There’s a famous maxim attributed to Confucius that states: "I hear and I forget. I see and I remember. I do and I understand." Whether he actually said it is debated but the point is clear – there is often no better way to learn something than by doing it.
This idea underpins much of Early Years education with hands-on learning at the heart of many activities – often under the guise of "play". Yet hands-on teaching often fades away over time as more traditional learning takes centre stage.
Increasingly though there is an awareness that when it comes to science, technology, maths, arts and engineering (Steam) the lack of hands-on learning opportunities is detrimental to children’s understanding and, therefore, confidence in these subject areas.
Indeed, a survey by The Harris Poll on behalf of LEGO Education found fewer than 1 in 5 students feels “very confident” when it comes to learning Steam subjects. However, the same poll found the vast majority of teachers (95 per cent) and students (89 per cent) believe hands-on learning builds confidence in Steam subjects.
Best practice teaching
So how can schools address this lack of confidence by providing hands-on learning that teachers and pupils want? Academics at Newcastle University are working to address this exact question by researching best practice concepts for teaching Steam subjects in hands-on, practical ways.
PhD candidate Megan Venn-Wycherley is leading this research, and as part of this has worked to deliver Steam-based lessons with a school just outside the city, where she and has seen first-hand the issues that exist.
“There is a belief that young people are digital natives and therefore good at understanding how computers work. But actually we have to make things like learning computing more tangible to engage young people and help them start to build a mental model of how technology works.”
One interesting finding from the work she has done so far is that incorporating the arts element of Steam is key for many students to act as a "bridge" that helps them become interested in science-related subjects and build confidence around their abilities.
An example of this was by working with pupils at the school to develop a motorised air-freshener. This involved building and decorating a paper fan and affixing it to a sweet tin that was also decorated and filled with homemade potpourri. A small motor was then attached to the fan over the tin so that it wafted the smell out in the room it was placed in.
In another project, girls interested in organising a dance workshop first designed a poster to encourage sign-ups, and then built an interactive voting system to find out which day would be most popular to host classes.
“The key thing was using the technology was meaningful to them, so they wanted to learn how to use it,” says Venn-Wycherley.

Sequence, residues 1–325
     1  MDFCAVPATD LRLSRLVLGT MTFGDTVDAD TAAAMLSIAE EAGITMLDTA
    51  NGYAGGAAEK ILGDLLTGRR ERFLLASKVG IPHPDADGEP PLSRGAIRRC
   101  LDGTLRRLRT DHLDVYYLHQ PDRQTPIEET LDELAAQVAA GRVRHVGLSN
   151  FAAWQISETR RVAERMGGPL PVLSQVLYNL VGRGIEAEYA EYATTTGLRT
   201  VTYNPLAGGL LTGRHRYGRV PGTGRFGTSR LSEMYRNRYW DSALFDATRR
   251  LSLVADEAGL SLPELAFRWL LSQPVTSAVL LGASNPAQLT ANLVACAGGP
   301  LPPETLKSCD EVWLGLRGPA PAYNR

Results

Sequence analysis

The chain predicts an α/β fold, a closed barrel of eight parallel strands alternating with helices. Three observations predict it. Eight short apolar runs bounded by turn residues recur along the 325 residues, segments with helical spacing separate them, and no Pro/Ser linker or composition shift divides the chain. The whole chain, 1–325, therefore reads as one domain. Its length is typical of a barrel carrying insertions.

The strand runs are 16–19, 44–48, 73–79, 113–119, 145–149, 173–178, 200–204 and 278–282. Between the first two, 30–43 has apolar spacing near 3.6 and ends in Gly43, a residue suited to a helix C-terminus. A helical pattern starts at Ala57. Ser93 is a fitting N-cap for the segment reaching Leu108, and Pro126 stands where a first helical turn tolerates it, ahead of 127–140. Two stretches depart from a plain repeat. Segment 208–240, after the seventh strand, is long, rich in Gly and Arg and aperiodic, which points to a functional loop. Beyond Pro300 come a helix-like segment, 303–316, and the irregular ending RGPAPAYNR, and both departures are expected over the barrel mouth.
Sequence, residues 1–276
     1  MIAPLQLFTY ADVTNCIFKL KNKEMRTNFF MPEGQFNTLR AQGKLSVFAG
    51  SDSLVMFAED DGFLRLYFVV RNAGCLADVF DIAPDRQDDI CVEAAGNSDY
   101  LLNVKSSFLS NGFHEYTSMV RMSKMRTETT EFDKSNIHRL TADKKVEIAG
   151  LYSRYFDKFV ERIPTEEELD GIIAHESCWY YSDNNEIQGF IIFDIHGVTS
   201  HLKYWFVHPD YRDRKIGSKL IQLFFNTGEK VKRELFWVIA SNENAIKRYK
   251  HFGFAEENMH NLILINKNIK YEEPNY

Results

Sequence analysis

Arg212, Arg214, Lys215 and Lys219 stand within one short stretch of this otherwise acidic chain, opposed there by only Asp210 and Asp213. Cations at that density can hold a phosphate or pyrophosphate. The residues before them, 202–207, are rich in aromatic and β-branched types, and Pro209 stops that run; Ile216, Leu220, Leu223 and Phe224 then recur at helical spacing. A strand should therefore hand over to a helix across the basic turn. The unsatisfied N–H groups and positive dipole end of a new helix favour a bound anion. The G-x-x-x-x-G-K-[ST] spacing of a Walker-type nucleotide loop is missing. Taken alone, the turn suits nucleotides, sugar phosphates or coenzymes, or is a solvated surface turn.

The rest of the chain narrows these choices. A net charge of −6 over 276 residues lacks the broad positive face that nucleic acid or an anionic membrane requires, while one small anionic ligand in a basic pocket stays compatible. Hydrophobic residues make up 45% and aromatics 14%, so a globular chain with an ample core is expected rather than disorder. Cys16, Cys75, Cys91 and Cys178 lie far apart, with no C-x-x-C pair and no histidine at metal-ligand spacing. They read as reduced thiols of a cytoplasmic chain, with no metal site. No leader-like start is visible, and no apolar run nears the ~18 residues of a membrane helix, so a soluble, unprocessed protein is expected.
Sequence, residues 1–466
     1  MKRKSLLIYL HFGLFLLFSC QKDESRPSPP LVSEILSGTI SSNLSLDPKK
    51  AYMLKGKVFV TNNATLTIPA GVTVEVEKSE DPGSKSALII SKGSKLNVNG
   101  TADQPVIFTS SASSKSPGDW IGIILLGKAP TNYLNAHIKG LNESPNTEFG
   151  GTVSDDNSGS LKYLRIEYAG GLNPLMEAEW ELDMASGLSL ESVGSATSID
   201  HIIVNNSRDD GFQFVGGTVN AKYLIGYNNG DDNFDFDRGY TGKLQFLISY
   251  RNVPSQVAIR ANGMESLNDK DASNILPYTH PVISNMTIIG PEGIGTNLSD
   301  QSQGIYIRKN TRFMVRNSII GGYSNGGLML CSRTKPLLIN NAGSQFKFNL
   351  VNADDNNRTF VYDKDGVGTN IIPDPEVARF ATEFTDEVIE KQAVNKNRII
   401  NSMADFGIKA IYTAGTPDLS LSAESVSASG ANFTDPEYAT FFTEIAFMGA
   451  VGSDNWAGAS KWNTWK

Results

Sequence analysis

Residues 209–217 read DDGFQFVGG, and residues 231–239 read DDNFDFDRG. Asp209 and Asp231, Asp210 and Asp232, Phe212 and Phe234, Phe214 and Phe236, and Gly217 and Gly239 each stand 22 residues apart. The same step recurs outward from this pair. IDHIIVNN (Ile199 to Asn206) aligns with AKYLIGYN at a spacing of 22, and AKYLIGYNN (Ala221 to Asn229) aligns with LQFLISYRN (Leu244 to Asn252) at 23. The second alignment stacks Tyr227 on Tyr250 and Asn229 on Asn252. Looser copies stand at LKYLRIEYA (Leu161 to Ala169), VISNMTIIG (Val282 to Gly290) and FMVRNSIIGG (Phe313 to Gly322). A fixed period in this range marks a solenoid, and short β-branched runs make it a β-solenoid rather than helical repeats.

Not only have these initiatives given children the chance to get hands-on and build confidence but Venn-Wycherley says she has also seen how it has helped build resilience to try things out and not give up if they don’t work first time.
“Lots of pupils say, ‘it’s not working, it’s broken’ when things first go wrong, but over time you see them start to realise that if something isn’t working it’s about saying, ‘I’ll try this instead,’ or, ‘Maybe this wire is not connected properly,’ and start to learn for themselves.”
The University Technical College (UTC) of South Durham is another institution that puts hands-on learning at the heart of much of what it does, as design and engineering teacher Stephanie Jackson explains: “The positives of incorporating hands-on learning into any part of the curriculum is that you are going to provide a better vehicle for learning.”
At UTC this ranges from everything from hanging tennis balls to show the structure of atoms to building devices in its mechatronics labs.
Jackson agrees that a big part of this process is to ensure children are taught to learn from mistakes in any Steam learning experience, and to explain this is not something to be afraid of.
“Education can be very black and white sometimes with a pass or fail mentality. But we try to get students into the mindset that failing is OK, that it’s part of life and this can build a lot of resilience into pupils and they gain confidence from that.”
Of course hands-on learning requires schools to provide kit to children that can help with this goal. Firms such as LEGO are aiming to do just that, bringing tools to the market, such as its SPIKE Prime Set, that are designed to provide creative ways for children to design and build hardware that can then be programmed via a simple drag-and-drop coding language – fusing arts and science in a practical, engaging way.
Then there are tools such as Raspberry Pi and the BBC’s Micro:Bit that have also proved popular by offering the ability for schools to let pupils get hands-on with Steam-related concepts in fun, engaging ways, helping play a crucial role in building children’s confidence and resilience while learning.
Devices like these won’t change things overnight, but they demonstrate the increased focus – from industry to academia – on giving schools the tools and techniques to foster confidence and resilience in children around Steam-related subjects.
Teachers keen to boost their class's coding skills can get involved in EU Coding Week, designed to help make learning computing more tangible to engage young people and build confidence in this area.